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I have a dataset, it has the problem that data changes overtime.

enter image description here

In the pic above, the distribution is plotted every 5 years, and it could be seen that the distribution is not constant, it changes over time?

How should I describe it? I used to call it time shift, but it seems not very proper? I need a short title to put it in a sub-title in my paper.

  • "Change in [Noun] over Time" – ringo May 5 '16 at 2:29
  • I agree with @ringo that labeling it change over or though time is the best approach if it is the change you wish to focus on. However, I see remarkable underlying stability such that a model derived from among all the "blue" data or all the "green" data would be fairly accurate in predicting the next instance. But I think in biological terms. – KWinker May 5 '16 at 4:36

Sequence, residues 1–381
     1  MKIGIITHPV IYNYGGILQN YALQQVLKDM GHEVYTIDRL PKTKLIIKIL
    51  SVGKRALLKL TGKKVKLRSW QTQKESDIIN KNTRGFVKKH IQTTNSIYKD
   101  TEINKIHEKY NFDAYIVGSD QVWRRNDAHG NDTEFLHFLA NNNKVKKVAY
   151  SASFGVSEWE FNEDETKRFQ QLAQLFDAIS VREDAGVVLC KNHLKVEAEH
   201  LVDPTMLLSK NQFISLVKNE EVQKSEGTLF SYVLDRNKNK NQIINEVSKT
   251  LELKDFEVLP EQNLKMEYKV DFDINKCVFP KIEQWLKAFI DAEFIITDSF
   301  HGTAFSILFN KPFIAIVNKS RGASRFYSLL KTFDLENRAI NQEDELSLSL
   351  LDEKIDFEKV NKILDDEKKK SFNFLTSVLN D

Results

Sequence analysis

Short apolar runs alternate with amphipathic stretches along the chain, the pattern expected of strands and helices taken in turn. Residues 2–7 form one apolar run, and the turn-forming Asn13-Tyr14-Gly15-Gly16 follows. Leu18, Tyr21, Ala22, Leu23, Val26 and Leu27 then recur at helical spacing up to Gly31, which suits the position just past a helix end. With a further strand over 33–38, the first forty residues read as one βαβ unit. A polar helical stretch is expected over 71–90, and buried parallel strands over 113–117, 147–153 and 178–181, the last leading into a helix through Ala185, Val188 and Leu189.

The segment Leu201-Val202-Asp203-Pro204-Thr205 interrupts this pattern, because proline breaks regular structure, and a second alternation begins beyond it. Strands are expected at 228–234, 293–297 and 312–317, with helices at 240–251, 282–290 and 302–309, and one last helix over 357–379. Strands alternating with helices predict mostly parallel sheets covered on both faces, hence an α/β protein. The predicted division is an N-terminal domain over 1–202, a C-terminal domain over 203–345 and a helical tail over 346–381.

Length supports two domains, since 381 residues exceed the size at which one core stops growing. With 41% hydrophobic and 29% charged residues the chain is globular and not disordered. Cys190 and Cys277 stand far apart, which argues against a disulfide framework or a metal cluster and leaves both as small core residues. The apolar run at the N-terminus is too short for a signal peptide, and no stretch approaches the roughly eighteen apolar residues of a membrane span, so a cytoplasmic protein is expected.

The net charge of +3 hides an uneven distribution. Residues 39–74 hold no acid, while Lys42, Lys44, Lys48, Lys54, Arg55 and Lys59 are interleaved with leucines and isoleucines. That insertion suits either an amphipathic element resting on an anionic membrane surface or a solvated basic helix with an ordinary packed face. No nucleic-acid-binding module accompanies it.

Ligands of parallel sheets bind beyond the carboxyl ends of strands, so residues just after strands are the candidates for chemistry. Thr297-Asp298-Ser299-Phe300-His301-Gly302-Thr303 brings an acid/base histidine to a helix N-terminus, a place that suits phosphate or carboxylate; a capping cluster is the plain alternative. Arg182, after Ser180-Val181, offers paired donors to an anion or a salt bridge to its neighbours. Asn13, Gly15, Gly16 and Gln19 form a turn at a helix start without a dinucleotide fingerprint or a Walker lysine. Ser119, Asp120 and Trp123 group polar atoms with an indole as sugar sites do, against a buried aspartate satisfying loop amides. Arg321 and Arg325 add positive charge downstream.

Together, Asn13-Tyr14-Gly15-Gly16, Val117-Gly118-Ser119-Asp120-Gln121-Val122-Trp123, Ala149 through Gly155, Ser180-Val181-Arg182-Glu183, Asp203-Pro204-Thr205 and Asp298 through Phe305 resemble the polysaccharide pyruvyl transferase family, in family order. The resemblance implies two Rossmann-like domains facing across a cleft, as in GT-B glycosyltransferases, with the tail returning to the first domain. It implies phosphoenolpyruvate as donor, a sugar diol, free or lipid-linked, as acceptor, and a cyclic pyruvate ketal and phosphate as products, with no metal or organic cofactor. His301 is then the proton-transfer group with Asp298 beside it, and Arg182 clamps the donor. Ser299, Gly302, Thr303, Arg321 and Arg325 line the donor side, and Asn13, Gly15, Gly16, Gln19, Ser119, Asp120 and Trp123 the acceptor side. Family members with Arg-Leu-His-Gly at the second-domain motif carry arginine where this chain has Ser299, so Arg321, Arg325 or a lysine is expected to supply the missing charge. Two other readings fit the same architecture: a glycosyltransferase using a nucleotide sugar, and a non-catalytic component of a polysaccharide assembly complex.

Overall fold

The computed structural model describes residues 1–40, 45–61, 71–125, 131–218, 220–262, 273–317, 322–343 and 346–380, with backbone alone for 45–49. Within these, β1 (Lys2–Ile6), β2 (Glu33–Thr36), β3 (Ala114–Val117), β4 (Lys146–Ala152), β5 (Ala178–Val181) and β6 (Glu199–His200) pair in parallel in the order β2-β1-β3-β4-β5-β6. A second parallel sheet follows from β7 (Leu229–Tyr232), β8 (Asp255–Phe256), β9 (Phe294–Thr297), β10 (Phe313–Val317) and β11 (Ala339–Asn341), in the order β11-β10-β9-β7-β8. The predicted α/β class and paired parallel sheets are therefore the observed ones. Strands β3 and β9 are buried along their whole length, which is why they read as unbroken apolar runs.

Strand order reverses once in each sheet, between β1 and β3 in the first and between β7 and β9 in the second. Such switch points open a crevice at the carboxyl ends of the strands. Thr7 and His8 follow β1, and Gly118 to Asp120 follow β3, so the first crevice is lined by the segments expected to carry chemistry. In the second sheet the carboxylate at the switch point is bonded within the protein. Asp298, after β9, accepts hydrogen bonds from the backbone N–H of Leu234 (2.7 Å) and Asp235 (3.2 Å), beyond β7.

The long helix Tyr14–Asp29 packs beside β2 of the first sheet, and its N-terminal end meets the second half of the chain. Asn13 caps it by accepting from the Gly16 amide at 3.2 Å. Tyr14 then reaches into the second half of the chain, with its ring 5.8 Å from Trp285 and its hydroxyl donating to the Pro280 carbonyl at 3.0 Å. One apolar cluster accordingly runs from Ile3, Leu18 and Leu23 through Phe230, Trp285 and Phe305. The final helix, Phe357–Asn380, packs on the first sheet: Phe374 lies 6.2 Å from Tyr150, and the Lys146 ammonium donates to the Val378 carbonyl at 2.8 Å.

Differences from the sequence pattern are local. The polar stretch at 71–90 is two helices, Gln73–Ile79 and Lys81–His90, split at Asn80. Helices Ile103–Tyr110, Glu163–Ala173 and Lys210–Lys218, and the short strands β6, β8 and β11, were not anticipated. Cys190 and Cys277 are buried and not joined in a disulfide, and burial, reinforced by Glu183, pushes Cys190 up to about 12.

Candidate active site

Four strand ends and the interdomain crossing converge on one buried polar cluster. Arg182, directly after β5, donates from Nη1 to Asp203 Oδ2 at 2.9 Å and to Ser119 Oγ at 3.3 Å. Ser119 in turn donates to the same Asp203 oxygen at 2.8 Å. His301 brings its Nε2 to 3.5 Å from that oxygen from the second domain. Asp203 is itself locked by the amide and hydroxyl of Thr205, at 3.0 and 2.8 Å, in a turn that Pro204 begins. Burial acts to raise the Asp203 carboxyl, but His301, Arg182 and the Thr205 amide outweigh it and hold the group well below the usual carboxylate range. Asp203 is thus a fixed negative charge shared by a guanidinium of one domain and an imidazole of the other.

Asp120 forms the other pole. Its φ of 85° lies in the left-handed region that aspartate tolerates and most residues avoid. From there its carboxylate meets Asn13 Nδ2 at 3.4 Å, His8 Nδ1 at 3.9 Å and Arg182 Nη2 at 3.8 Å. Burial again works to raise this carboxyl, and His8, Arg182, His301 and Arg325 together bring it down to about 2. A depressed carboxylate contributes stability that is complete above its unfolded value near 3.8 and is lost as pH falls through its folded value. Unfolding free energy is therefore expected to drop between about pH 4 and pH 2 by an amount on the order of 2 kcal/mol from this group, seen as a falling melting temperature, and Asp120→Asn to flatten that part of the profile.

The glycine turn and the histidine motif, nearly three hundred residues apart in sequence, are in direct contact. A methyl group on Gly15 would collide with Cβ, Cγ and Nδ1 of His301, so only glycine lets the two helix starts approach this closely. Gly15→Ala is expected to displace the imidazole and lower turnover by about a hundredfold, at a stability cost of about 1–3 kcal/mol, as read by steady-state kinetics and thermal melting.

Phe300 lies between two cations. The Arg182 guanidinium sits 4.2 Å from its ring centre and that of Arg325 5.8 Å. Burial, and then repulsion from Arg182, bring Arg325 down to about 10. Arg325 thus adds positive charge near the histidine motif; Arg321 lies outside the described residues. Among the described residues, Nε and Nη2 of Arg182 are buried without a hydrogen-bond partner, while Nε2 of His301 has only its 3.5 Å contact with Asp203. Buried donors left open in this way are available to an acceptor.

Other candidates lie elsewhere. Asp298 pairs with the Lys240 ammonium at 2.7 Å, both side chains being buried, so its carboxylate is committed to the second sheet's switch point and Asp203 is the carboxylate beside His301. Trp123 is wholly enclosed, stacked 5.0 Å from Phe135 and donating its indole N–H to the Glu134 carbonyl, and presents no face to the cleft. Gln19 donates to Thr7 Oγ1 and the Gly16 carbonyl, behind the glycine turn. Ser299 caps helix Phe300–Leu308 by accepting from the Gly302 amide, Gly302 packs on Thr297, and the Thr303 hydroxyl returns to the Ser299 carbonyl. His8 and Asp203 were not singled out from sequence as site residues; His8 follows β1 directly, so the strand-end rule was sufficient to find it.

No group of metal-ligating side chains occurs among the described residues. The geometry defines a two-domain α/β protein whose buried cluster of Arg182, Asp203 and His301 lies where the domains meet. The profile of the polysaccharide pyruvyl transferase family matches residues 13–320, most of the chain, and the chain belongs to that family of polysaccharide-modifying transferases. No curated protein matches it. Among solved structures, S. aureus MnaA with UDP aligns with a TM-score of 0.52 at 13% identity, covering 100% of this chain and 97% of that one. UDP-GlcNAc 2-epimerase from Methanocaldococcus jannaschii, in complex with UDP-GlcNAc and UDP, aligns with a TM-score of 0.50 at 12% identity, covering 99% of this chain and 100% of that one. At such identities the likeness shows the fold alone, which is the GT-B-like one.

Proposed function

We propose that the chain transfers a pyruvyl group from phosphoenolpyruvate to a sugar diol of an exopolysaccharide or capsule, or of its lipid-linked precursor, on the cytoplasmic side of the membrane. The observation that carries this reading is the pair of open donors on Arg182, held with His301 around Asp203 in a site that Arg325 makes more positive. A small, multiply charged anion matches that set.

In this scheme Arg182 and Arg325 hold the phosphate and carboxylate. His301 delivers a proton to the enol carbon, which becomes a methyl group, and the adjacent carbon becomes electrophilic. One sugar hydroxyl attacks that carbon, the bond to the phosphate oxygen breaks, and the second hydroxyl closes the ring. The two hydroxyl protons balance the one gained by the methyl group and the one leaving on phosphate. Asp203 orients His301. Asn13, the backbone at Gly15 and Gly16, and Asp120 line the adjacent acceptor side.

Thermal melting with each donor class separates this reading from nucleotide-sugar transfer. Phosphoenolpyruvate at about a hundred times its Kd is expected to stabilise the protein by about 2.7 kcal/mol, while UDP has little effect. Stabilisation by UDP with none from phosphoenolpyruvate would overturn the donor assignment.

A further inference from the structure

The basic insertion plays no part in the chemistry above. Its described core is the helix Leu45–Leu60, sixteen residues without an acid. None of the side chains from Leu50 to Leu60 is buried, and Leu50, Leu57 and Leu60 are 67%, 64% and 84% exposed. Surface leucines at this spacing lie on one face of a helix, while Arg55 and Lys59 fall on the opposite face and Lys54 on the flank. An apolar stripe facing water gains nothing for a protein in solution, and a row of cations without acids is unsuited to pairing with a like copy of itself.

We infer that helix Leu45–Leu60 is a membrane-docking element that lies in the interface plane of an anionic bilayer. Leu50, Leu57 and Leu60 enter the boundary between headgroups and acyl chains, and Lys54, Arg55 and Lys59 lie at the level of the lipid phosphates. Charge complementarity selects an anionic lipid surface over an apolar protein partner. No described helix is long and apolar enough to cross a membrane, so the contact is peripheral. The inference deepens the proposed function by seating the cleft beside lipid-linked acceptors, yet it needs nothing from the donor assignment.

• @ringo, the left is speed, and the right is direction distribution. I'm afraid that Change in speed and direction over time is a bit long for a title. Additionally, should I say over time, across time? – cqcn1991 May 5 '16 at 7:02
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    The data is variable (or "dynamic" or "not static") with respect to time. – Hot Licks Jun 4 '16 at 3:30
  • @HotLicks, is there any way I can make this into a short title? – cqcn1991 Jun 4 '16 at 3:38
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You could make it sound more technical by saying the "the distribution shows temporal flux".

temporal adjective 1. Relating to time

flux noun 3. A state of flow or continuous change

(Chambers dictionary: iPhone edition)

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You can say it is labile or has lability (readily changing or widely fluctuating). Example sentence: Lability in the data makes it difficult to pin point stuff.

  • Can I say shift over time? of simply time shift? – cqcn1991 May 9 '16 at 2:01
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    @cqcn1991 "shift over time" is a bit weird. Although not incorrect, it indicates more of a position change as "shift" is used in regards of position. So, "shift change" is a correct phrase, just not that appropriate. – vickyace May 9 '16 at 2:32

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